Alex Edlich and Vik Sohoni, senior partners at McKinsey & Company, find, “several robotics programs have been put on hold, or CIOs have flatly refused to install new bots.” Before we dive deeper into RPA and determine how it can be used beneficially to save time and costs, we need to understand what RPA isn’t. At present it is difficult to imagine an enterprise which hasn’t already adopted RPA or isn’t seriously thinking about it. As more and more organization continuously join the RPA bandwagon and expect enhanced capabilities and accuracy, we need to see through the technological clutter and see its limitations up front.
In the previous section, we mentioned RPA is essentially a software program, popularly known as bot. The term “bot” sparks an image of a walking and talking robot that can move around our facility and perform a multitude of tasks tirelessly. That is exactly what RPA cannot do on its own. RPA is not a physical machine that can move around or process actual papers. Nor it is your AI powered assistant right out of a science fiction movie that can be voice programmed to listen to your queries and respond instantly.
These terms are often used interchangeably (and inaccurately!) and it would be worth the effort to try and distinguish the two. Primary differentiator is that RPA can be viewed as an end-user oriented solution. It operates at the foreground and goes about its tasks just like a human would – logging into different applications, picking up data and processing it based on pre-defined rules.
To put things in perspective, RPA can replace an office worker who spends 3-4 hours a day performing routine tasks such as data entry, batching, transaction processing, account settlement, etc. The employee can invoke the bot whenever tasks build up in the pipeline. Processing is much faster, more accurate and it leaves the worker with a lot of time on his hands to focus on activities that add more value.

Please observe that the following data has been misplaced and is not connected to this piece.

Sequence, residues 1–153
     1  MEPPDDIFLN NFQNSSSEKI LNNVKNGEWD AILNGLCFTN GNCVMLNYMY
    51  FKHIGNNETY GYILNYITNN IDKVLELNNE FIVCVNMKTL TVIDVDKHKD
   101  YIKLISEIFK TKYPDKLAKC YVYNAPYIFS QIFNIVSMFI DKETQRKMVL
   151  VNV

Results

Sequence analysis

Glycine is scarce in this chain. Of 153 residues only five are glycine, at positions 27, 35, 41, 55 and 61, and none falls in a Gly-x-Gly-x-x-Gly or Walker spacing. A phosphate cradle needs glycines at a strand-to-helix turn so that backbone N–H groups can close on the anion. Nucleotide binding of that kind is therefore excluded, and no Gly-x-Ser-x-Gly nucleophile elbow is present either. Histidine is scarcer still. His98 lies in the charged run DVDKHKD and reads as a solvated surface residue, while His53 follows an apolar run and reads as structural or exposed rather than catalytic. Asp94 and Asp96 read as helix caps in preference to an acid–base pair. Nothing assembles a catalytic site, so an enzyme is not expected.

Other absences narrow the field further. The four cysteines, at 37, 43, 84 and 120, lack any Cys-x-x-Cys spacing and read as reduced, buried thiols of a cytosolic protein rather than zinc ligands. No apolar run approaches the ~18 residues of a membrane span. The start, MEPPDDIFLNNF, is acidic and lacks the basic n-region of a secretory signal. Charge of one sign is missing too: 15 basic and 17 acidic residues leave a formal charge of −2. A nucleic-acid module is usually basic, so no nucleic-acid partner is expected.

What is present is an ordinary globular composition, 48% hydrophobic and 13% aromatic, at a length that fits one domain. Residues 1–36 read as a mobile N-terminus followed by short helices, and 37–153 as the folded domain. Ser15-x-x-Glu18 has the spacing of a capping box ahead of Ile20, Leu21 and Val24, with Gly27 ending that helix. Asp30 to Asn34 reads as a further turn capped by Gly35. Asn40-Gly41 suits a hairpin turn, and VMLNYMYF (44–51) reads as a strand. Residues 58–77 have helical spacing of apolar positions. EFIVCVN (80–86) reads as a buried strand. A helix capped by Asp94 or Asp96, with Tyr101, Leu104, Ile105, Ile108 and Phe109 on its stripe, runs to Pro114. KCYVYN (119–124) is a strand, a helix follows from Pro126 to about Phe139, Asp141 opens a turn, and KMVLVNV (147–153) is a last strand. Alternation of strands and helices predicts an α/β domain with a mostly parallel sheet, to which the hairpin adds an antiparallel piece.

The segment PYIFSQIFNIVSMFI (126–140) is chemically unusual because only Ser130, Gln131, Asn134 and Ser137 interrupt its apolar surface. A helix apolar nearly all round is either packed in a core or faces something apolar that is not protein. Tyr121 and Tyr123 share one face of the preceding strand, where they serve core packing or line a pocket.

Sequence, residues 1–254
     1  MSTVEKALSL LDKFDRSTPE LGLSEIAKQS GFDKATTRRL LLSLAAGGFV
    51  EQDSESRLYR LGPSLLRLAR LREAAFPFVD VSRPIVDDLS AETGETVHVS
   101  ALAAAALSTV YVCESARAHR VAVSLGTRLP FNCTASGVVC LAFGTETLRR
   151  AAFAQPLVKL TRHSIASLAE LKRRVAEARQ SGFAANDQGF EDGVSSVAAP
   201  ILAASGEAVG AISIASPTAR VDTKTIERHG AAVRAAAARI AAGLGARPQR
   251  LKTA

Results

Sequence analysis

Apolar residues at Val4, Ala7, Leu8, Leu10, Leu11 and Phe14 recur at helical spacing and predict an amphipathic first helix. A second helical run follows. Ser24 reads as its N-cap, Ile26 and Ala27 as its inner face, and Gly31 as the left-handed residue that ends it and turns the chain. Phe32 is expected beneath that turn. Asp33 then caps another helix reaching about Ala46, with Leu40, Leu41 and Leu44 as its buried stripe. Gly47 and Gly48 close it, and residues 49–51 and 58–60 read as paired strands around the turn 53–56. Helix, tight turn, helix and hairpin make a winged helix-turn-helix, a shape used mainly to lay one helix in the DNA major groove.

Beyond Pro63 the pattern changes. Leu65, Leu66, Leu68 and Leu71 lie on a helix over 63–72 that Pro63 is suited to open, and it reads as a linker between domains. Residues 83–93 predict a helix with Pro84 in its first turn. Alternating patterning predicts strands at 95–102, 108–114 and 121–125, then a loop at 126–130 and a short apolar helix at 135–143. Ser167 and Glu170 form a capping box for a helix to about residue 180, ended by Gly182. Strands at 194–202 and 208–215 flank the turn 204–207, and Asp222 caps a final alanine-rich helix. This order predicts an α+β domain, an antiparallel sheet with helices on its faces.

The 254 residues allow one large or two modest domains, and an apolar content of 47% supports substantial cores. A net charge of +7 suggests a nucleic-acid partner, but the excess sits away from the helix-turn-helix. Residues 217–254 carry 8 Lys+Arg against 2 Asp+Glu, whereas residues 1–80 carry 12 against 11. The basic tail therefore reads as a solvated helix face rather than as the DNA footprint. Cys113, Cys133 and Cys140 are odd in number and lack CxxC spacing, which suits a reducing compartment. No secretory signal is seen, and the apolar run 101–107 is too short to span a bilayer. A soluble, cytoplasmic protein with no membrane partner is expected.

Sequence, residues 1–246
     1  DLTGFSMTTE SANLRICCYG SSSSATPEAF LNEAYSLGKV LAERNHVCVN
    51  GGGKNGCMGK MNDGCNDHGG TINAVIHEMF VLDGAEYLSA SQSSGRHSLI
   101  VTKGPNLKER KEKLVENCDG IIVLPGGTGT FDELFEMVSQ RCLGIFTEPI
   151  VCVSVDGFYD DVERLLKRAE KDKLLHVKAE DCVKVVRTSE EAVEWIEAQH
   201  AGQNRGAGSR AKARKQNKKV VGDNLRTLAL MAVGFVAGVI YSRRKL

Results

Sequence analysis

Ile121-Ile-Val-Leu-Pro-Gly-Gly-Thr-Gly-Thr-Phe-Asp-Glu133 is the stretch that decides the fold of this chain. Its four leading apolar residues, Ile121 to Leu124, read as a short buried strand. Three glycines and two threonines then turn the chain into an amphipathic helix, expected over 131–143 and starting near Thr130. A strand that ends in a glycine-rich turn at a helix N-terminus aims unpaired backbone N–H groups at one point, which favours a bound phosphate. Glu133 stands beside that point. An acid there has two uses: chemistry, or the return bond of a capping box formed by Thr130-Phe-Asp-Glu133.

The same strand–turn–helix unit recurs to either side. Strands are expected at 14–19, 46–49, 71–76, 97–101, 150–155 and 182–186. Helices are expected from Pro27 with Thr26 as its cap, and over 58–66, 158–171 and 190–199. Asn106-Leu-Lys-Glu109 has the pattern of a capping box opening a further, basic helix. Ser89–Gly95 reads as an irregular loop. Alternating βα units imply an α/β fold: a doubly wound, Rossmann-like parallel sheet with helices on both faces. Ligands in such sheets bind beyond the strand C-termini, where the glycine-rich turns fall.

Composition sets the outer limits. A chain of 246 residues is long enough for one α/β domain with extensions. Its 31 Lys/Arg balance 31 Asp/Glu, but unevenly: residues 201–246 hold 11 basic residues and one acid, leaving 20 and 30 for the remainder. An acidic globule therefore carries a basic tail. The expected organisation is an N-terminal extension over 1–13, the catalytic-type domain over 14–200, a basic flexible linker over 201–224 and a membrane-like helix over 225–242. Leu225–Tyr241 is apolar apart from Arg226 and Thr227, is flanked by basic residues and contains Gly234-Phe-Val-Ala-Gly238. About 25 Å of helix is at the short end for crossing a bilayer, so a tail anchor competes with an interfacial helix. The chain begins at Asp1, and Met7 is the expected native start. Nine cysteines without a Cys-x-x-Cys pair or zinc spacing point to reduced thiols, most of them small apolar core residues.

IT Process Automation (ITPA) has been around for a while now. It essentially operates in the background, much different from mimicking a user’s workflow. Consequently, it is more complex and takes a long time to be developed. It can be used effectively in Change Management and Incident Management processes, where an incoming ticket serves as a trigger.
As RPA is a programmable solution, it can be configured to automate a variety of tasks that consume days and months for operations employees. Some of the examples are calculations, record maintenance, transaction processing, queries, data entry, etc. RPA software, commonly known as bots, are becoming more and more sophisticated using technologies such as screen scraping, workflow automation, Artificial Intelligence and Machine Learning. This enables it to deliver high quality results in an efficient manner.